If you’re not sick of the phrase “social media stadium,” you will be soon, thanks to a collaboration between Facebook and the International Olympic Committee.
Announced Monday, their new “social media stadium” is just a fancy, sleek-looking Facebook page that doesn’t really do much. It centralizes athletes’ Facebook pages, teams, and sports, and has very little interactivity on it; just a lot of clicking to get to those pages.
The new page is to act as a directory and point people to official Olympics-related pages. It will help fans connect to the games, no matter how far away they are from London.
“It’s that discovery through friends that makes things interesting and makes you want to click on media,” said Joanna Shields, Facebook’s vice president for the site’s operations in Europe. “We want to bring discovery to the Olympics.”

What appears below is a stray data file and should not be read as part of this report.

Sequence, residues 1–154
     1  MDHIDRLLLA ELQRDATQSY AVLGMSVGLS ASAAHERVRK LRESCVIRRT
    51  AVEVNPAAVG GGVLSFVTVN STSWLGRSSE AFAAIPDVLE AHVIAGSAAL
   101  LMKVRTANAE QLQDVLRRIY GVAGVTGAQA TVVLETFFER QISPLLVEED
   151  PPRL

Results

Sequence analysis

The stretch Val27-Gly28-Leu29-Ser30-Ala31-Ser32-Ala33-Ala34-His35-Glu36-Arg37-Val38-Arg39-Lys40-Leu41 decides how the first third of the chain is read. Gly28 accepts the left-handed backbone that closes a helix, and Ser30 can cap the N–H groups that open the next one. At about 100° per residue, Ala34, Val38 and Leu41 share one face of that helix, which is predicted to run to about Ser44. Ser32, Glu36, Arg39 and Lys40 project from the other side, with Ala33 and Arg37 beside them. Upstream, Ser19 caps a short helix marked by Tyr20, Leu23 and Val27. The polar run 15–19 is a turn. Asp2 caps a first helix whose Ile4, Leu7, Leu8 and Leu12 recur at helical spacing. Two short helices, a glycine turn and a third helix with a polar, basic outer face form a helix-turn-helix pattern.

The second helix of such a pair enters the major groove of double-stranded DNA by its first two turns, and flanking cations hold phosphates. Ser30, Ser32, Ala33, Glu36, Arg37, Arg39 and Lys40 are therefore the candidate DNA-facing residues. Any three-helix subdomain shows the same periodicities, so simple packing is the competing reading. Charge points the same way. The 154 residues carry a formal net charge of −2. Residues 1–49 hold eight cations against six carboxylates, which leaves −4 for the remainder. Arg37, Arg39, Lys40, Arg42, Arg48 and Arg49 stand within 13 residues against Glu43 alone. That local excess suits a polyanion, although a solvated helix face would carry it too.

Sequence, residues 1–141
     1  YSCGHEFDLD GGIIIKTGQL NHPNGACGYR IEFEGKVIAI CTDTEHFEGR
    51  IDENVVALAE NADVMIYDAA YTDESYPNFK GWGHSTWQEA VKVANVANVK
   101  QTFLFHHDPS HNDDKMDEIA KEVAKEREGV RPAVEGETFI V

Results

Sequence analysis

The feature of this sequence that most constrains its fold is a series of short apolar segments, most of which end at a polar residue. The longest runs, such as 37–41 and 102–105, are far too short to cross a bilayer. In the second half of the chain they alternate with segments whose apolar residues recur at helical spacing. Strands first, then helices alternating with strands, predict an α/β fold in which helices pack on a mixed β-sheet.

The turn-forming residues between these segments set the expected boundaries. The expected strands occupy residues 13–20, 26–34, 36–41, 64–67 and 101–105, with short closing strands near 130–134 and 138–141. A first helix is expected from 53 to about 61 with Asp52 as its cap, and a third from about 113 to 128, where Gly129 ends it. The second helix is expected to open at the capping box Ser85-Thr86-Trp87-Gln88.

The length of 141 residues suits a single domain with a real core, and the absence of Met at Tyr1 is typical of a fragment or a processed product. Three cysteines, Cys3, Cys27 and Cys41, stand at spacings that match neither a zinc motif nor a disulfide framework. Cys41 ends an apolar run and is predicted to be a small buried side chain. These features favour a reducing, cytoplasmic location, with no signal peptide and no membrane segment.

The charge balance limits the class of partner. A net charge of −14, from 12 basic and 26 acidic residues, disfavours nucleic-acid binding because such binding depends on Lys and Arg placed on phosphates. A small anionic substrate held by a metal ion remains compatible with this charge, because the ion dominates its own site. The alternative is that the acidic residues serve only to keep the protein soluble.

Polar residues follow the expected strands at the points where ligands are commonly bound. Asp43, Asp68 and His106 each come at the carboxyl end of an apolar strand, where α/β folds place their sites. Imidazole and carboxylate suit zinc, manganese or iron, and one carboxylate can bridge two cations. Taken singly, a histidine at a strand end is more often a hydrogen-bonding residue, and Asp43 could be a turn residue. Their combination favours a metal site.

This Facebook page comes on the heels of a similar type of interactive website that launched in April that turns fans’ anticipation of the Olympics into a game.
The page’s success is off to a slow start. Only 250 of the 10,000 athletes participating have signed-up to create a Facebook fan page, but the IOC expects that figure to increase as the games draw nearer.
As part of the IOC’s stringent rules on advertising—the same rules that apply to the physical stadiums on the grounds—the Facebook page will contain no ads. Facebook will also not show any ads on athlete, team and sports pages.
The IOC will soon roll out similar “social media stadiums” on Google+, Twitter, Tumblr, and Instagram, presumably before the Games start July 27.
Photo via Facebook
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